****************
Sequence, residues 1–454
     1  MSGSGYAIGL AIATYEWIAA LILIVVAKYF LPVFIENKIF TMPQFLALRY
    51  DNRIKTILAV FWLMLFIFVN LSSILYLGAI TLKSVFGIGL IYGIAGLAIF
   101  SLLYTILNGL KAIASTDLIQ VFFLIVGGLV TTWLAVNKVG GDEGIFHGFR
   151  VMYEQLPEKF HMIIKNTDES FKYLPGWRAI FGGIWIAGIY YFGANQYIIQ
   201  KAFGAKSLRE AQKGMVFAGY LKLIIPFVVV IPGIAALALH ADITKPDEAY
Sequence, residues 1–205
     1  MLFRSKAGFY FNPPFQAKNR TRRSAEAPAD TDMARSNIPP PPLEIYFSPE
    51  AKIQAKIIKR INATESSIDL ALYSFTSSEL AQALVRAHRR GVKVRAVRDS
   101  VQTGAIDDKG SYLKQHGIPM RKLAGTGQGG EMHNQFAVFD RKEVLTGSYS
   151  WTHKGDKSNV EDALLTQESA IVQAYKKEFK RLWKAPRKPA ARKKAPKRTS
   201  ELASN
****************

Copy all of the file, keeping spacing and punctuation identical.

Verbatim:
Sequence, residues 1–454
     1  MSGSGYAIGL AIATYEWIAA LILIVVAKYF LPVFIENKIF TMPQFLALRY
    51  DNRIKTILAV FWLMLFIFVN LSSILYLGAI TLKSVFGIGL IYGIAGLAIF
   101  SLLYTILNGL KAIASTDLIQ VFFLIVGGLV TTWLAVNKVG GDEGIFHGFR
   151  VMYEQLPEKF HMIIKNTDES FKYLPGWRAI FGGIWIAGIY YFGANQYIIQ
   201  KAFGAKSLRE AQKGMVFAGY LKLIIPFVVV IPGIAALALH ADITKPDEAY
Sequence, residues 1–205
     1  MLFRSKAGFY FNPPFQAKNR TRRSAEAPAD TDMARSNIPP PPLEIYFSPE
    51  AKIQAKIIKR INATESSIDL ALYSFTSSEL AQALVRAHRR GVKVRAVRDS
   101  VQTGAIDDKG SYLKQHGIPM RKLAGTGQGG EMHNQFAVFD RKEVLTGSYS
   151  WTHKGDKSNV EDALLTQESA IVQAYKKEFK RLWKAPRKPA ARKKAPKRTS
   201  ELASN